addressed later on. What is to be noted here is that this issue underlies the distinction between ‘cultural’
and ‘cross-cultural’ psychology. Though often seen as conflicting (Shweder, 1990), the two perspectives can
rather be considered complementary. Cultural psychology is psychology within the cultural context, and as
such all human psychology should indeed be cultural psychology, since no psychological phenomena occur in
a cultural vacuum. However, as we are far from this ideal, psychological inquiry that takes cognisance of the
cultural context qualifies as cultural psychology. If in such inquiry a comparative approach is used, and thus
at least two cultures are implicated, even if implicitly, then we are in the realm of cross-cultural psychology
(Kagitcibasi, 1996a, p. 12). Thus the use of both terms in the title ‘(Cross) Cultural Psychology’ is intentional.
With this understanding, in this chapter ‘cross-cultural’ will be used as a generic term unless a specific reference is made to ‘cultural psychology’ as such.
From the above description, it is clear that cross-cultural psychology is a general approach or outlook in psychological inquiry rather than a content area. Thus for example it is possible to talk about cross-cultural study
of social or cognitive behavior or cross-cultural developmental psychology. What is distinctive in such labels
is the term ‘culture’.
Numerous definitions of culture have been proposed, sometimes summarized as ‘the man-made part of the
environment’ (Herskovits, 1948). Usually the material aspects of culture, such as the built environment, as
well as customs and behaviors (‘explicit culture’) are differentiated from culture as a symbolic meaning system. The latter refers to shared ideas and meanings, such as beliefs and values (‘implicit culture’) (Berry et
al., 1992). An important characteristic of culture is its transmission through generations.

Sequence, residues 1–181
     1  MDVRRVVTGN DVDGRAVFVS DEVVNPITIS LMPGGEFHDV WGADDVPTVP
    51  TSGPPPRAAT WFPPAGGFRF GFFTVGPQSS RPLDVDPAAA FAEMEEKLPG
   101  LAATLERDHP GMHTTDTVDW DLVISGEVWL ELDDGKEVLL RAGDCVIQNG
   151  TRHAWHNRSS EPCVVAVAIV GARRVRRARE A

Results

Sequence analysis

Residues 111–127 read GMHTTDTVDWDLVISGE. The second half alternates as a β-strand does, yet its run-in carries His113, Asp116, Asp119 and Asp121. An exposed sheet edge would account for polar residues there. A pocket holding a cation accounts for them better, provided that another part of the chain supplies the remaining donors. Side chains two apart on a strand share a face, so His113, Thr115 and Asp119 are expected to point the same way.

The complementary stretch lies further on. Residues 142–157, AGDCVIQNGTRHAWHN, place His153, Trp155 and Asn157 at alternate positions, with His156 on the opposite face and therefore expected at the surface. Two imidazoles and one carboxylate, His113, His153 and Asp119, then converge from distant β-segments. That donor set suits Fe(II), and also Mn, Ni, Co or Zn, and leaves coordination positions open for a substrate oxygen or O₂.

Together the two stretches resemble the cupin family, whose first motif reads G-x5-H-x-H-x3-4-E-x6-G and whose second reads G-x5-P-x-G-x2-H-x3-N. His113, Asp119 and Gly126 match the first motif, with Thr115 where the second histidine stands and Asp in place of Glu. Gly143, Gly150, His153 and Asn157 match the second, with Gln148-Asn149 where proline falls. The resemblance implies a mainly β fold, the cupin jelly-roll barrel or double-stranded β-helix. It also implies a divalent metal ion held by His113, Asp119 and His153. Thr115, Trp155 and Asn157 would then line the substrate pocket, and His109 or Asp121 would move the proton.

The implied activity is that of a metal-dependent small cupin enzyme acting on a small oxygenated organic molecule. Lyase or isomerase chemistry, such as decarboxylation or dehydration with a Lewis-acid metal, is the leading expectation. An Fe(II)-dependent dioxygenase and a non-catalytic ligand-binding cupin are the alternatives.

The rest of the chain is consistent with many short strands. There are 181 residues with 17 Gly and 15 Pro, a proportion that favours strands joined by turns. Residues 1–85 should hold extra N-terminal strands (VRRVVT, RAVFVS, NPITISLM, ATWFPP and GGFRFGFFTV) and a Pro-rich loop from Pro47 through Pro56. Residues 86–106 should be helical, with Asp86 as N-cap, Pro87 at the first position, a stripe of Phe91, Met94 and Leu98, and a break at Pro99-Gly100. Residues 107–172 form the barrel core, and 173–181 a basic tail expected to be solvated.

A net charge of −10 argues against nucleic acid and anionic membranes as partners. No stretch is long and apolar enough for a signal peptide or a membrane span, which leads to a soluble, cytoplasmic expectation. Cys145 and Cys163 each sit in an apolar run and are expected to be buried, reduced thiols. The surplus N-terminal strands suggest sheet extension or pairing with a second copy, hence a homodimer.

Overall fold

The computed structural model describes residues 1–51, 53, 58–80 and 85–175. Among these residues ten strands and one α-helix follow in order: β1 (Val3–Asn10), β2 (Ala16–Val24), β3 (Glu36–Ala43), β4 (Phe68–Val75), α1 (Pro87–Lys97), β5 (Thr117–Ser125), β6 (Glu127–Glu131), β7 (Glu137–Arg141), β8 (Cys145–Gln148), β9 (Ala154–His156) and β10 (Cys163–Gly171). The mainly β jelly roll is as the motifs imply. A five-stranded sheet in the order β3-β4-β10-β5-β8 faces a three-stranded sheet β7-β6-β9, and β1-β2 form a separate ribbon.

Culture is ubiquitous; therefore it is obvious that any human behavior is influenced by or is in response to
some aspect of culture. However, the diffuse, all-inclusive nature of culture presents a problem in research.
As a superordinate entity it can not serve as an independent variable or explanation (Segall, 1983), for such
an explanation can turn into an empty tautology, such as ‘Indians are this way because of their culture’. Therefore attempts have been made to define culture in less molar terms, that is ‘unpackaging’ it (Poortinga, Van
de Vijver, Joe, & Van de Koppel, 1987; Whiting, 1976).
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18.2 History and Present Status of Cross-Cultural Psychology
The roots of cross-cultural psychology are to be found in the nineteenth and early twentieth century European
anthropology and sociology as well as psychology and evolution; philosophical antecendents go back even
further. Accounts of this history can be found in a number of sources (e.g., Berry et al., 1992; Jahoda, 1990;
Jahoda & Krewer, 1997; Segall, Dasen, Berry, & Poortinga, 1990). In different European countries different
historical legacies are apparent. The beginnings of scientific psychology in Germany also contain the seeds of
cultural psychology. For example the influential scholarly journal launched by Steinthal and Lazarus in 1860,
Zeitschrift für Völkerpsychologie und Sprachwissenschaften, was devoted to the study of national or ‘folk’
psychology with an emphasis on language, customs, etc. Wundt, also, while on the one hand having founded
the first experimental psychology laboratory in 1879, on the other hand was greatly interested in cultural and
cross-cultural psychology, as demonstrated in his ten-volume Völkerpsychologie (1912–1921). Wundt tried to
reveal the mental basis of cultural development, and there was a general interest at the time in understanding
‘primitive culture’. Several German ethnographers studied drawings of ‘savages’ in South America and Africa.
In Britain, also, there was an interest in studying ‘primitive peoples’, as in Germany, but much more influenced
by the nineteenth century ‘cultural evolution’ offshoots of Darwinism, espoused by Spencer. Spencer resorted
to biological mechanisms to account for the origins and development of psychological and social phenomena,